The evidence is, however, at the best only circumstantial, and confirmation must await evidence of a clear relation between the circadian rhythm in plasma steroids levels and that affecting induction-abortion intervals. Meantime it is known that synchronization of circadian rhythms can be influenced by a variety of environmental factors, and some of those which upset the rhythm in Smith and Shearman's series might have been expected; but it was surprising to find a disturbing effect on diurnal hormone fluctuations from admission to hospital for two to four hours before treatment. Information is scarce in this area, and one can only speculate whether similar circadian influences might be concerned in the induction of abortion when PGE2 rather than PGF2 c is used or when the alternative extra-amniotic route is chosen. Smith and Shearman used a method which in most published series'5 has given 95 % success in 48 hours; with a mean induction-abortion interval of 28-30 hours. More recent intraamniotic and extra-amniotic techniques16-18 have reduced the mean induction-abortion time by about half and might not necessarily be subject to the same circadian influences. 1 2
Karim, S. M. M., and Sharma, S. D., Lancet, 1971, 2, 47. Ballard, C. A., and Quilligan, E. J., in Advances in Biosciences, ed. S.
Bergstrom. Oxford, Pergammon, 1973, 9, 55. Bygdeman, M., et al., in Advances in Biosciences, ed. S. Bergstrom, Oxford, Pergammon, 1973, 9, 525. 4 Gillett, P. G., et al., Advances in Biosciences, 1973, 9, 545. 5 Wiqvist, N., and Bygdeman, M., Lancet, 1970, 2, 761. 6 Embrey, M. P., and Hillier, K., British Medical journal. 1971, 1, 588. 7 Embrey, M. P., Hillier, K., and Mahendran, P., in Advances in Biosciences, 1973, 9, 507. 8 Miller, A. W. F., Calder, A. A., and Macnaughton, M. C., Lancet, 1972, 3
2, 5. 9 Smith, I. D., and Shearman, R. P., Journal of Obstetrics and Gynaecology of the British Commonwealth, 1974, 81, 841. 10 Kaiser, I. H., and Halberg, F., Annals of New York Academy of Science, 1962, 98, 1056. '. Kreiger, D. T., et al., Journal of Clinical Endocrinology, 1971, 32, 266. 12 Lacerda, L. de, Kowarski, A., and Migeon, C. J., Journal of Clinical Endocrinology and Metabolism, 1973, 36, 289. 13 Mathur, R. S., et al., Journal of Steroid Biochemistry, 1974, 5, 363. 14 Townsley, J. D., et al., Journal of Clinical Endocrinology and Metabolism, 1973, 36, 289. 15 Wiqvist, N., Bygdeman, M., and Toppozada, M., in Prostaglandins in Fertility Control, ed. S. Bergstrom, 1973, 3, 80. Karolinska Institutet,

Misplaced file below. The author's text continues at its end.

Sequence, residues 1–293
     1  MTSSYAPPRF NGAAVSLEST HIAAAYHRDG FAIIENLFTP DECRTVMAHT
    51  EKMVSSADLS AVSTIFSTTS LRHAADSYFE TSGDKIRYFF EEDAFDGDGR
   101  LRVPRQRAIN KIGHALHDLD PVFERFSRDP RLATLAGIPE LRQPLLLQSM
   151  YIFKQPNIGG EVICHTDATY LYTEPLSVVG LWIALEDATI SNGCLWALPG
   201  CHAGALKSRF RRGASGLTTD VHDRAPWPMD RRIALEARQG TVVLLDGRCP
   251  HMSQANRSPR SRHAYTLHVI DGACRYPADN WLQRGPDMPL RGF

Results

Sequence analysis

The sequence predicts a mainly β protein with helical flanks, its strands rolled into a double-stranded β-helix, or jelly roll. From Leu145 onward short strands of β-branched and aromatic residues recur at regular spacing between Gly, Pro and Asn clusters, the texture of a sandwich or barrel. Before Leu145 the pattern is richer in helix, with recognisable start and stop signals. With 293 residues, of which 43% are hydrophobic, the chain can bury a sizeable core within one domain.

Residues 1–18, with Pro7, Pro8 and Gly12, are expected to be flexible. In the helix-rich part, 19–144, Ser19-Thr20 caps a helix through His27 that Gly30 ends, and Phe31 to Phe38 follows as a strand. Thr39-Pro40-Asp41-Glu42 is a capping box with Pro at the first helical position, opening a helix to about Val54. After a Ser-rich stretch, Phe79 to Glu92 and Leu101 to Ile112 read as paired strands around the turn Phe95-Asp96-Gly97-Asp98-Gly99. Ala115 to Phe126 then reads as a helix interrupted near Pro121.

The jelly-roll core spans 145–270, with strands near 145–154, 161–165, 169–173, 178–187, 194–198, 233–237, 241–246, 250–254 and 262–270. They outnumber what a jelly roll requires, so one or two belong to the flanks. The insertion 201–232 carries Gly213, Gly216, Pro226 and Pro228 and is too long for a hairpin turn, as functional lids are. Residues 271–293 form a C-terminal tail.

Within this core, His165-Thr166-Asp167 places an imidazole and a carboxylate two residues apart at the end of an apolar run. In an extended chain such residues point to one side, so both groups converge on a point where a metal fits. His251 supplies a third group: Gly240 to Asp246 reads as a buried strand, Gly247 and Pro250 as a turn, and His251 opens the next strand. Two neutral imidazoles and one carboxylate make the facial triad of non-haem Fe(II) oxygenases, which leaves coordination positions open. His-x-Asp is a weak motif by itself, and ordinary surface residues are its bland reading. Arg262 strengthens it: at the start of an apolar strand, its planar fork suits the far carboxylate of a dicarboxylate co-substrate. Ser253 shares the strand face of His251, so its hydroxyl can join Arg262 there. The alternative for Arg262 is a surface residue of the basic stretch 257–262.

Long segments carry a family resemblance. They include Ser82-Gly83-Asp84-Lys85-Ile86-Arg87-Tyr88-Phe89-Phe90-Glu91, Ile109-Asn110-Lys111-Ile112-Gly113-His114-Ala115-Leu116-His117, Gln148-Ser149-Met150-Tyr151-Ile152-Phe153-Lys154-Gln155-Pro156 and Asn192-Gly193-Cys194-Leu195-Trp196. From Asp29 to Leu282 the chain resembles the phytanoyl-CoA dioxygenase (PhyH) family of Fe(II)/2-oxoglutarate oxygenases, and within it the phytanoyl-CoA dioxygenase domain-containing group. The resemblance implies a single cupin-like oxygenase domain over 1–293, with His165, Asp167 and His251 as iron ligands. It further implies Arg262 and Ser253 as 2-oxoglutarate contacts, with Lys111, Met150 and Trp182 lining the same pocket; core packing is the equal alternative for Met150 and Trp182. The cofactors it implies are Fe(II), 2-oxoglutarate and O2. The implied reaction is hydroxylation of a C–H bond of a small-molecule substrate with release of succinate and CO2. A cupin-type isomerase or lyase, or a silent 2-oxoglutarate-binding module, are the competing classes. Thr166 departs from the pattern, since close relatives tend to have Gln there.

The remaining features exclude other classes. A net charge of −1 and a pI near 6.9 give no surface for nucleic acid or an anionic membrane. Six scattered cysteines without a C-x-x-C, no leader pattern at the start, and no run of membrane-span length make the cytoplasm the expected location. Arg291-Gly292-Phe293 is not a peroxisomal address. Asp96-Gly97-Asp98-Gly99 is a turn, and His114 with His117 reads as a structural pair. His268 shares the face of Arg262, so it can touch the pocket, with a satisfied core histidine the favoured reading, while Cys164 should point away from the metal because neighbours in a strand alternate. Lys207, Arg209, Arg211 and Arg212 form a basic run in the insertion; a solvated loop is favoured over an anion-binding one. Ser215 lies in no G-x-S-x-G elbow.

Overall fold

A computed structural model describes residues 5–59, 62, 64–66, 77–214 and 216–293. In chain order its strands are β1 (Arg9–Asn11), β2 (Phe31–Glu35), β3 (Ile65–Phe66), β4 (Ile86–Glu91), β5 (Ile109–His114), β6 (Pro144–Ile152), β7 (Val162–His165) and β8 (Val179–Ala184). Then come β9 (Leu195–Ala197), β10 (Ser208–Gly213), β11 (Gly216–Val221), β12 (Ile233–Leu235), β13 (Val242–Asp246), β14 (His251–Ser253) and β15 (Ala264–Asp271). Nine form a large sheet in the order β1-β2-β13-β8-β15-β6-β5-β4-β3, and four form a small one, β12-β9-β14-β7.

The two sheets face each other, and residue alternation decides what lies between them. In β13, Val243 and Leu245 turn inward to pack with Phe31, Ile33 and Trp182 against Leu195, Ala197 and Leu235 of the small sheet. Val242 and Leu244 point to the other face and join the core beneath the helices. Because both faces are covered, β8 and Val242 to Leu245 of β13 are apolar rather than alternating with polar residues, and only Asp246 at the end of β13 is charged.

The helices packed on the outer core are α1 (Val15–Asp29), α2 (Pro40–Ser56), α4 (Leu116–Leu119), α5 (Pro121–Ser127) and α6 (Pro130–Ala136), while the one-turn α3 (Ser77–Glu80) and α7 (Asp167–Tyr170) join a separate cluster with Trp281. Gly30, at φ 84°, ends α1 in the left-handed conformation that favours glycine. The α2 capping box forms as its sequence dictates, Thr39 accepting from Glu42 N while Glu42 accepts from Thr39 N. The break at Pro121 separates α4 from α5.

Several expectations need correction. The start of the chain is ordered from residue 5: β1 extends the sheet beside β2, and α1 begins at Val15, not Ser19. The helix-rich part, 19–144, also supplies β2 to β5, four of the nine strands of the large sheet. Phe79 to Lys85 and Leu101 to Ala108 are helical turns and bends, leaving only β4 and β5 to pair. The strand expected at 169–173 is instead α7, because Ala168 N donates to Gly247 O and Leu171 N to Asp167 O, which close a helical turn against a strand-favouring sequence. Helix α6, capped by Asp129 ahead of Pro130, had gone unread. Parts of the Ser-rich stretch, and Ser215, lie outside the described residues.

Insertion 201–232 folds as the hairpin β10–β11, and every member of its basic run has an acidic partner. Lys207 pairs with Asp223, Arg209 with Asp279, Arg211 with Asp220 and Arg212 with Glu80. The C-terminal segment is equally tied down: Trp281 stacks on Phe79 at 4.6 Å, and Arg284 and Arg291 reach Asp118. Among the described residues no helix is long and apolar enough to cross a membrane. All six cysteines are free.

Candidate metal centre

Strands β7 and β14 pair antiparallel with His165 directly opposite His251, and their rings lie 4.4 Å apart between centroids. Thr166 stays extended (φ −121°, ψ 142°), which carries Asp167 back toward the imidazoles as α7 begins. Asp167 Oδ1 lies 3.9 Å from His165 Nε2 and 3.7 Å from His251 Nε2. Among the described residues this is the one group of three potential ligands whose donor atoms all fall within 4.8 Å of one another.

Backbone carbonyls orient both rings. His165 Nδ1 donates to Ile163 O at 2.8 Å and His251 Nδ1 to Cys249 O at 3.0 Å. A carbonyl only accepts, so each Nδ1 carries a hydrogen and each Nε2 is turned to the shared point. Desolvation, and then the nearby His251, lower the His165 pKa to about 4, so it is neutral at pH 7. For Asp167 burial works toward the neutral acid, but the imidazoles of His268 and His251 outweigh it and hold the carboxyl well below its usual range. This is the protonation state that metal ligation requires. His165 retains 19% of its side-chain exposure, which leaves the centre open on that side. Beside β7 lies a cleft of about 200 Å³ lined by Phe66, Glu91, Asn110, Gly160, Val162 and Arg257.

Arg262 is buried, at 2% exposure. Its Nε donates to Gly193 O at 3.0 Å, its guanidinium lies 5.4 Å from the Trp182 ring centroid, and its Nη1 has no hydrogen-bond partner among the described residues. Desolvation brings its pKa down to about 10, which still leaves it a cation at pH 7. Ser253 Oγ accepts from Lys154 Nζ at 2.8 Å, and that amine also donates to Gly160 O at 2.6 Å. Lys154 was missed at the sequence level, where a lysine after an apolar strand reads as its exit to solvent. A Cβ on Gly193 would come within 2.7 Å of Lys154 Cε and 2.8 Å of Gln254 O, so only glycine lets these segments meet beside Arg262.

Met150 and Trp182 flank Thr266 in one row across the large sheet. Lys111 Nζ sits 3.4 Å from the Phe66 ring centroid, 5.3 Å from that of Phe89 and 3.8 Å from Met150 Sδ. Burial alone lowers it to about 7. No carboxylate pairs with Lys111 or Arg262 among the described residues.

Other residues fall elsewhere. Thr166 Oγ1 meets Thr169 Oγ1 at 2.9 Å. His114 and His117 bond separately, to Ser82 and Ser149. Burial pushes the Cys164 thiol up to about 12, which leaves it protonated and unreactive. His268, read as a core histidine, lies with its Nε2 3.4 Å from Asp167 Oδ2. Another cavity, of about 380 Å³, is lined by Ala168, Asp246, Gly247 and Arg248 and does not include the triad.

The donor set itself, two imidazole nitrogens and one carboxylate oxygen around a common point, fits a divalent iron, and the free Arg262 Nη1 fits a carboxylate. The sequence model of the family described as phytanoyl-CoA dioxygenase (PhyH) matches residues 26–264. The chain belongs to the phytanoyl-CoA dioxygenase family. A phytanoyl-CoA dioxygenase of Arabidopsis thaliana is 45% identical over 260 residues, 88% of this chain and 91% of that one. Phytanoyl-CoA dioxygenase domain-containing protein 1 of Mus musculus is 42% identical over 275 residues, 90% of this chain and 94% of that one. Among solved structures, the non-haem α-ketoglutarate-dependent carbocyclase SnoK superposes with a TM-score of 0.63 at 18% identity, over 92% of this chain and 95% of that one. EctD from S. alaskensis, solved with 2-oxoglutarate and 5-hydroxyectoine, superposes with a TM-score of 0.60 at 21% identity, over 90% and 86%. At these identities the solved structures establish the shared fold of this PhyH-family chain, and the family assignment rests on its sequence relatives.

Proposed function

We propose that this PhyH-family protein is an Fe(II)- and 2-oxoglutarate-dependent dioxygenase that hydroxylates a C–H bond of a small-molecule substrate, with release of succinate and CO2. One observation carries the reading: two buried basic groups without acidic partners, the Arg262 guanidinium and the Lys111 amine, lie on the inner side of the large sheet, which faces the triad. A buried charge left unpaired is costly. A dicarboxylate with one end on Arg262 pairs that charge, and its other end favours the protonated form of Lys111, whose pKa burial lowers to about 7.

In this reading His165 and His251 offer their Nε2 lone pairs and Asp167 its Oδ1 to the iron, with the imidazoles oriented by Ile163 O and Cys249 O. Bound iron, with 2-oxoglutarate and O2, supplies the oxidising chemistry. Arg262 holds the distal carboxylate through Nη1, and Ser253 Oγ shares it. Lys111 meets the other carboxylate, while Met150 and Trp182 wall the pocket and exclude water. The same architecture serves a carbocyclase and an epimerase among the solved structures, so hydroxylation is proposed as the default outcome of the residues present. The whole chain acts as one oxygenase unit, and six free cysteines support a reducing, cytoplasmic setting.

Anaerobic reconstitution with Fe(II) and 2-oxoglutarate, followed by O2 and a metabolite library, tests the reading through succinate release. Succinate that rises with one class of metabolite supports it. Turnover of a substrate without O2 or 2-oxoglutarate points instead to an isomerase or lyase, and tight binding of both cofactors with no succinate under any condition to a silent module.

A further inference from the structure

16 MacKenzie, I. A., Embrey, M. P., and Hillier, K., J7ournal of Obstetrics and Gynaecology of the British Commonwealth, 1974, 81, 554. 17 Karim, S. M, M and Sharma, S. D.,Journal of Obstetrics and Gynaecology of the British 6;ommonwealth, 1972, 79, 737. 18 Wiqvist, N., et al., in Advances in Biosciences, 1973, 9, 831.
Why So Few Pacemakers? Implantable cardiac pacemakers have now been in use for almost 16 years. During this time there have been considerable improvements in the technique of implantation, technical problems associated with the pulse generator and electrode design have been largely overcome, and battery longevity has increased.' In addition there have been advances in methods for detecting pacemaker failure; one such method whereby the endocardial threshold may be measured noninvasively in patients with suspected exit block or unstable electrode position was recently described by Roy and Sowton.2 These improvements have reduced the mortality associated with pacemaker implantation to negligible proportions: of 372 patients with implanted pacemakers over a 10-year period3 there were no deaths associated with the procedure, and the subsequent annual mortality was less than 5%. Why is it, then, that the number of pacemaker implantations in Britain is considerably less than that in many other European countries ? The estimated rate of pacemaker implantation for the British Isles is about 22 per million population,4 as com-